Mr. Speaker, I rise on a question of privilege, of which I have given notice to the table, regarding the vote that happened on the Speech from the Throne earlier this week. I understand the member for Vimy has indicated she does not want her vote to be counted. You said that would be done. Obviously, we accept that.
However, this is much more serious than that. This raises many more questions, which I will get into here and which I believe you need to give us some direction on, Mr. Speaker. This affects the privileges of every member of the House.
The privileges of all members are affected when there is a question about the conduct of one member. In this case we are in a minority Parliament where every single vote that is a confidence vote will matter.
In this case, while there was a significant spread between the yeas and the nays, one can easily imagine a scenario in which the vote of one member could determine whether the government maintained the confidence of the House. We have a situation where a member was given not one, not two, but three opportunities to talk about what happened.
I say with respect, and I do not wish to overstate this, that it is so important that the voting rights of members are protected here. Maybe when the Standing Orders were written it was simply enough, without cameras in this place, to trust the word of a member.
Mr. Speaker, if you review the tape, which we all have access to, and which is the official recorded record of what happens in the House, you will see that the member in question was not in her seat for five minutes after the vote commenced.
Every time the camera pans past her seat, it is empty. This is not a matter of seconds and a member saying, “I heard it and I rushed in and sat down.” I am sorry. I want to take all members at their word in this place, but the video evidence is crystal clear.
For the hon. member to say today, “I now know that I needed to be in the chamber in order to vote”, you told us that on Monday night. You told the House, “To be clear, you must be in the chamber in order to vote”, and she stood and said, “I was here. I heard the question.” That is absolutely false.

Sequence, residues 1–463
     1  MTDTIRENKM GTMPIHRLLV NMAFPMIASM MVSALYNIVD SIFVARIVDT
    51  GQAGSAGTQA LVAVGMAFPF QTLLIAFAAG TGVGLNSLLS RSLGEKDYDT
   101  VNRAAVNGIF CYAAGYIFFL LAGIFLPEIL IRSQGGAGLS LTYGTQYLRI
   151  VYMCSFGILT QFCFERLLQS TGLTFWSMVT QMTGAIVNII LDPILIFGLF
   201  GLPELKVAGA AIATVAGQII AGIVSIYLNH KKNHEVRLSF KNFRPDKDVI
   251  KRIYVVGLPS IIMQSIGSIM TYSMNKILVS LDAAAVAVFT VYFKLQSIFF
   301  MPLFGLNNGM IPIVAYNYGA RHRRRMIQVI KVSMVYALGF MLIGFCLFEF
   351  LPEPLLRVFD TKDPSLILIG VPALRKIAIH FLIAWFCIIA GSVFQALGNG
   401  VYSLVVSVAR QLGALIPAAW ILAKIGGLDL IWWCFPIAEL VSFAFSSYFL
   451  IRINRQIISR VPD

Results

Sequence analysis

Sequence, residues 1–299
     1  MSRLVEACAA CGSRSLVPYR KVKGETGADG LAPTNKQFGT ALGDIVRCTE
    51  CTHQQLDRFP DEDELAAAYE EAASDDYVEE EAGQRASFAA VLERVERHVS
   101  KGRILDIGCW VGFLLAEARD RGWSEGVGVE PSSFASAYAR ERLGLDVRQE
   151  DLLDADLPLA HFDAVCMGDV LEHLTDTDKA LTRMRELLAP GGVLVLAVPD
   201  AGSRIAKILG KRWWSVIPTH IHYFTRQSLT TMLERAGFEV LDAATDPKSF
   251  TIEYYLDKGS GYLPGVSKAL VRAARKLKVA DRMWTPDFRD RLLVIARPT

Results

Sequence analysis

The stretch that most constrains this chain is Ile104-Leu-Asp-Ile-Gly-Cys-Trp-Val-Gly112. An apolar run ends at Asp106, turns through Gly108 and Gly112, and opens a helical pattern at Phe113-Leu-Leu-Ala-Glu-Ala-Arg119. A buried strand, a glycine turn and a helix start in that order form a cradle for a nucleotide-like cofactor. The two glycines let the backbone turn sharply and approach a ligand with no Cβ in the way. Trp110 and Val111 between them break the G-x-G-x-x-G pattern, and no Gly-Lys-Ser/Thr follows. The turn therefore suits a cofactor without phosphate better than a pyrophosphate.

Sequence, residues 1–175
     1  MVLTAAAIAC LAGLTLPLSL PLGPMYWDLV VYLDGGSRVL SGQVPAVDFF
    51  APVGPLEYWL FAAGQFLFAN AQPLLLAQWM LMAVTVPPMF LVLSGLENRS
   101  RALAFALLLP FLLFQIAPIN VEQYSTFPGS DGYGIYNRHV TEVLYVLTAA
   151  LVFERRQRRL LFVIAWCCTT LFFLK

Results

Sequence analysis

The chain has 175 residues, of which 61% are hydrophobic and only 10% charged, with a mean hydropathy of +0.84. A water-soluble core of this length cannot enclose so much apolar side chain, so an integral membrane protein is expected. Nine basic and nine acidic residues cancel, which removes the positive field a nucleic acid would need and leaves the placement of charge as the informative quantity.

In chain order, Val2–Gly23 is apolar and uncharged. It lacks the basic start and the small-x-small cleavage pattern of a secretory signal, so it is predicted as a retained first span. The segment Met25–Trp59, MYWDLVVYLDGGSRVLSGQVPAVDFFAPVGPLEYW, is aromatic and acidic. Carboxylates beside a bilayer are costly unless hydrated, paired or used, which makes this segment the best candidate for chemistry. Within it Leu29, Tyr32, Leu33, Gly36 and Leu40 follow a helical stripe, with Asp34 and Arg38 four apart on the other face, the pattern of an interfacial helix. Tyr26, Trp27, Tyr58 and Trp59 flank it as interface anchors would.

Now what do we do? What do we do when there is a situation where it could absolutely have been the difference between the government surviving and the government falling? Do we have a situation where a member can stand in this place and mislead the House and there are no consequences for it? The government survives, the legislation passes, the motion passes and the next day, or two or three days later, they say, “Oh, sorry, what could we do? I made a mistake.”
Mr. Speaker, we need you to protect the rights of all members of Parliament. If some members of Parliament are given the right to vote when they are not in this place, that takes away the rights of every member of Parliament.
Mr. Speaker, a misleading statement by a member is listed as an offence against the House. That is on page 82 of Bosc and Gagnon. It is an offence against the House. It is not an offence against a particular party. I would say it is offensive to you, Mr. Speaker, as the guardian and custodian of our privileges, but this is something that could have made all the difference.
In the last Parliament, on Bill C-10, the transport bill, it was a tied vote that the previous Speaker had to break the tie on. We had three members in the lobby. We had three members who knew better than to come in and take their place and vote because to do so would have been dishonourable. It would have broken the rules of the House. What if we had just sent them in? The legislation would have been defeated at second reading. What would the remedy then have been?
Mr. Speaker, we are in this situation now where it is more imperative than ever that you protect the rights of all members and not just the governing party, and I know you would never do that. You are here. You were elected by all of us. You protect the rights of all of us.
I am sorry, Mr. Speaker, but I think you need to review the tape to see if you find the same as we have, time after time. I wanted that member to get up and unequivocally apologize. Instead what she did was to say, “I was here”, three times. The tape does not lie. The tape shows exactly what happened.
I believe that we need this to be found a prime facie question of privilege and that the matter be referred to the Standing Committee on Procedure and House Affairs, because we need to know what the path forward is.
What if this is just an instruction that is given to any side of the House where they say, “You know what, things happen. Just run in and say you heard it. There is nothing the Speaker can do, and the House has no powers. Just be close to the House, come in, and if it comes up before your empty seat is called, just stand up and say that you were here. We'll sort it out in the wash”. That is unacceptable.
Again, I implore you to watch the tape, Mr. Speaker. This is not a matter of that single vote. That single vote has been withdrawn, but when the camera pans across the first row, second row, third row and fourth row before the member is in her seat, I am sorry, but she did not hear the question. She knows she did not hear the question.
I would ask, Mr. Speaker, that you rule in favour of moving this to the procedure and House affairs committee so that we can settle this once and for all.